El Salvador's crime wave

The Economist magazine has published a very straightforward assessment of the fight against violent crime titled simply El Salvador's crime wave. From the article:
El Salvador’s president, Elias Antonio Saca, has launched new initiatives aimed at getting the country’s gang-fuelled crime epidemic under control, and says that additional measures are in the pipeline. The hope is that these efforts will fare better than the “mano dura” (hard fist) policies of the past, which are generally believed to have backfired by driving the gangs underground and closer together, and to commit increasingly more violent acts.

The Salvadoran public has greeted Mr Saca’s reforms with scepticism, and with good reason. At first glance, some of the measures appear cosmetic and lacking in strategic coherence, and are far short of the dramatic measures recommended by the US government and other concerned parties. Still, it is too soon to tell whether this is a turning of the corner, or just another instance of the government giving false hope of safer times ahead....

The Saca government was slow to acknowledge that the previous policies promoted by his party, Alianza Republicana Nacionalista (Arena), in power since the end of El Salvador’s civil war in 1992, were not working and that a new approach was needed. Unfortunately, for much of 2006, San Salvador did not make much progress on a new course of action and instead was stuck in the blame game. The police blamed the judicial system for failing to successfully prosecute those arrested; the judiciary decried the overcrowding of the prisons; the leftist FMLN-opposition party blamed Arena, and so on. (more)

The article's bottom line is that ARENA has much at risk if it does not get the crime problem under control very soon.


El-Visitador said…
Yep, ARENA is trying hard to lose the 2009 elections.

Each new jail is a mere $10m.

Yet this administration will only build extra jails... if the FMLN agrees to additional loans.

This means that ARENA does not assign enough importance to the building of new jails to merit even the easy savings that could be achieved by shutting down ISTU, MiTur, MARN, Sup de Comp, ISTA, CONCULTURA, ISDEMU, and so many other utterly useless sinecures.

This ARENA government is so bad, so negligent, so clueless... thay they deserve to lose.

Yet I weep when I think of the alternative.
Anonymous said…
I have finally found two political parties (arena and the fmln) that actually accomplish LESS than the republicans and democrats in the U.S. Arena is spending money advertising tourism in a country with the highest murder rate in the western hemisphere-now that's a great idea-(our beaches are beautiful and our bodyguards are cheap - could be the new slogan )
The FMLN is not capable of coming up with ideas , only antagonizing the right.
Hey, what if we put a third of the 460 million into education ,a third into building prisons and fighting crime and a third into digging wells (without ANDA's help)and said FUCK the new road-we'll take the scenic route.
Anonymous said…
I believe that what El Salvador needs is a strong leader - its own iconic version of a Mandela, a Gandhi, a Lee Kuan Yew...
Anonymous said…
A strong leader indeed. Someone that fixes the oligarchy's legacy of having an uneducated, opportunist, exploitable population bent on migrating to the few cities were all the econimic movements are centered (main San Salvador), doesn't neglect agriculture, nationalizes the banks, invests $600 million from the Millenium account into education, security, health care, increasing the livelihood of the population. We need a mix between Fidel Castro and Jose Figueres Ferrer, a socialist bent on improving the nation for the benefit of the majority. I mean, could you imagine Cuba without the embargo? I imagine a huge port being developed, a fast railway system being developed, hundreds of ships dropping cargo there later on to be shipped to NA & SA. Intel, Microsoft, would have access to Latin America's most capacitated working force.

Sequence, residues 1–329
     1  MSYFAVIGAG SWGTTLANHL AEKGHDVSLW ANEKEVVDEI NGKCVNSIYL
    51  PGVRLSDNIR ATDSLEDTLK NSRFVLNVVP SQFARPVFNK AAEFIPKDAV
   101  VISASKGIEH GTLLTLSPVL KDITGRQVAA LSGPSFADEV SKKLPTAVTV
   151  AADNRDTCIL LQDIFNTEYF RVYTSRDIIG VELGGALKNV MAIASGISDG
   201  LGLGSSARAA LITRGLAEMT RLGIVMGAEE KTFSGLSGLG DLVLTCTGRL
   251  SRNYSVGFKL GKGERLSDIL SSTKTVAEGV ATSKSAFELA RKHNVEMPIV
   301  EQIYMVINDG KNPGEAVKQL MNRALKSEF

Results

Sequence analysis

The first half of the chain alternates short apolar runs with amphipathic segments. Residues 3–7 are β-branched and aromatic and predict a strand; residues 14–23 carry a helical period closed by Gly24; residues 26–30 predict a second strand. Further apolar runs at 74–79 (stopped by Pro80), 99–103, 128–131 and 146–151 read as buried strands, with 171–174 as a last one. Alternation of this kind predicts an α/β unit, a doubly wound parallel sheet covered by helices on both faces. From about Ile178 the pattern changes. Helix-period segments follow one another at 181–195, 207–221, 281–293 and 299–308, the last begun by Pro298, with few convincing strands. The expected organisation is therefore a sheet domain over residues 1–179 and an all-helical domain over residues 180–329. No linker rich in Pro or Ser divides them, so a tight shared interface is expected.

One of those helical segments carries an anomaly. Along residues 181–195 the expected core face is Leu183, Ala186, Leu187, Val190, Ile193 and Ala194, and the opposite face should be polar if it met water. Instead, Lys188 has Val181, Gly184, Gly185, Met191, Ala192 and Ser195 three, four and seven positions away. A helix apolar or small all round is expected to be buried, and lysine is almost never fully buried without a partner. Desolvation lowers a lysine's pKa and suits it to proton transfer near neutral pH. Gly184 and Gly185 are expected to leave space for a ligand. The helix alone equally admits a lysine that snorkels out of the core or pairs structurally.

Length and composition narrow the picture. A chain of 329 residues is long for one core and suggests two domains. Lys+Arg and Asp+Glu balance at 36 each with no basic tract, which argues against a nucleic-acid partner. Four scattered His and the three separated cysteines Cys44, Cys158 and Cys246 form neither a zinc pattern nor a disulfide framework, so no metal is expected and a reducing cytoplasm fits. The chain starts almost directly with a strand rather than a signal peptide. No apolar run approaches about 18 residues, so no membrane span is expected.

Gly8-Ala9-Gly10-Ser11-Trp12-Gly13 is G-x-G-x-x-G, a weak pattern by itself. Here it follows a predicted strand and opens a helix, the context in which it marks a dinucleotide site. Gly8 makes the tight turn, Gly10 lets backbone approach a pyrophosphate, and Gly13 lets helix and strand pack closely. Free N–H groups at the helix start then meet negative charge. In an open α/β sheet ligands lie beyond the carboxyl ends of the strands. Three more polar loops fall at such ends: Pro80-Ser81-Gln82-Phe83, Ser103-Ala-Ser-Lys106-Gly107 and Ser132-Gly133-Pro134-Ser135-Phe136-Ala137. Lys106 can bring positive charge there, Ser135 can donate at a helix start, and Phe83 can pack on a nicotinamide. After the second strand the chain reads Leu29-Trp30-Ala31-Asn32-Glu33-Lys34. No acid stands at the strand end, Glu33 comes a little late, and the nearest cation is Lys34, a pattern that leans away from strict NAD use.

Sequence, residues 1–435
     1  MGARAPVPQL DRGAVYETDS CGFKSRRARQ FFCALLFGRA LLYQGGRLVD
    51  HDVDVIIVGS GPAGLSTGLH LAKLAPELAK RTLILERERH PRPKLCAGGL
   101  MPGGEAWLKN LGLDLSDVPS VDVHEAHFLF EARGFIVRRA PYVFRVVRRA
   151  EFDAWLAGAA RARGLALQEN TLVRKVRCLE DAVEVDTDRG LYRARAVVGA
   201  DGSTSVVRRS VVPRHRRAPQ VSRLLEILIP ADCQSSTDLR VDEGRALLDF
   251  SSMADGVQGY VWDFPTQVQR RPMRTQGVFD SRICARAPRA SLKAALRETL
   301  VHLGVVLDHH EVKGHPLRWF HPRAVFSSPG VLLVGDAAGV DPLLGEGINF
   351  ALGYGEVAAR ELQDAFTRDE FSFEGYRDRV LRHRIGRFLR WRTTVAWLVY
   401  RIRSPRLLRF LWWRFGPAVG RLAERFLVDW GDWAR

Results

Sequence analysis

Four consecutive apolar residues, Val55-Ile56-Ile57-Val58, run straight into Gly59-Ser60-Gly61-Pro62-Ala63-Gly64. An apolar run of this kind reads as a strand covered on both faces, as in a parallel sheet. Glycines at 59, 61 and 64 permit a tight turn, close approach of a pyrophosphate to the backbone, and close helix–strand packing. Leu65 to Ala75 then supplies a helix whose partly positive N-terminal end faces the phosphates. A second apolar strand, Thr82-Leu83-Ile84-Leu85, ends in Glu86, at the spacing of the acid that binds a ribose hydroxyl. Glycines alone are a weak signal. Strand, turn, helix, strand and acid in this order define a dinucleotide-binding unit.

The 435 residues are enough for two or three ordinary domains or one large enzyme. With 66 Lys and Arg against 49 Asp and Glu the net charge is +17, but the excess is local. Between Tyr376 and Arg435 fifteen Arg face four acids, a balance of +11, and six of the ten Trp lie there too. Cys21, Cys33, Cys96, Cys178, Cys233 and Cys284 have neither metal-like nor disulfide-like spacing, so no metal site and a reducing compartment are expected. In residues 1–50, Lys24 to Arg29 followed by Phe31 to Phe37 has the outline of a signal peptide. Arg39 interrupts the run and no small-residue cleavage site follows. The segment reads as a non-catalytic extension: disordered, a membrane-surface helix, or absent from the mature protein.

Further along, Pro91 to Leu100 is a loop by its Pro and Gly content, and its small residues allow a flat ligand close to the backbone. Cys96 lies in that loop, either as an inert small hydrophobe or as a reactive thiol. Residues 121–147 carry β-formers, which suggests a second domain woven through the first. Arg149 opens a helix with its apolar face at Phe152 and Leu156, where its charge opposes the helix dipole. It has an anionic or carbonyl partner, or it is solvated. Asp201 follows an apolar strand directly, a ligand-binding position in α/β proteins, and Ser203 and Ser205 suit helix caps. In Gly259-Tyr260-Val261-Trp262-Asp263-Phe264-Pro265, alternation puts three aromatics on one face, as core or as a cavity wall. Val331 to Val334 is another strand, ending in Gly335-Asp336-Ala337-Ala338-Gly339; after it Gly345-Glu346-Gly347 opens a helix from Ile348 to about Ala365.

About the additional loans, one of the issues with FMLN, is that you ALWAYS ALWAYS find some ARENA-PCN guy overcharging, engaging in nepotism, racking in some of the profits, not quite investing cash where it was supposed to do, illegaly privatizing... that since long ago the left has mantained that they'll abstain from further accepting loans until the government doesn't present an audit of all past loans/projects. Which the government continues to refuse to do. Unfortunately people like former minister of MOP, David Gutierrez proves, ARENA functionaries keep engaging on corrupt actions adding a mark as to why YOU CANNOT TRUST ARENA WITH A BLANK CHECK FOR LOANS.
Hodad said…
no you cannot trust ARENAZI para nada
so, that is why I am sending all the democratic Congressmen/women and Senators and especially the Black Caucus headed by Congressman Clyburn from here in SC a long letter asking them to look closely at Bush's 460 million giveaway to ES for 'alleviating poverty'
and also some notes to the major newspapers here in the Carolinas, especially the Charlotte Observer, a newspaper very concerned and always reporting on Latinolandia issues
the staff memebers of some of the congressmen and the staff of the Congressmen/women on the Foreign relations Comittee have already indicated to me their strong interests in these funds and the fact they are destined for CORRUPT hands in ES, with the new ambassador, [probably another Bush flunky engaged in Narco Biz] and the fact that ES has troops in Iraq, against the wishes of what 80% of the populace?
we will see, the money is not totally spent yet or arrived as of yet
all those that read this por favor, also write your Conbgressmen/women, and the Fotreign relations Commiteee, headed now by Joe Biden

and Visitador, you are very mixed up
as i said probably a CIA Yalie
like all those CIA type, sheeple for the money and the boss, Bush Sr.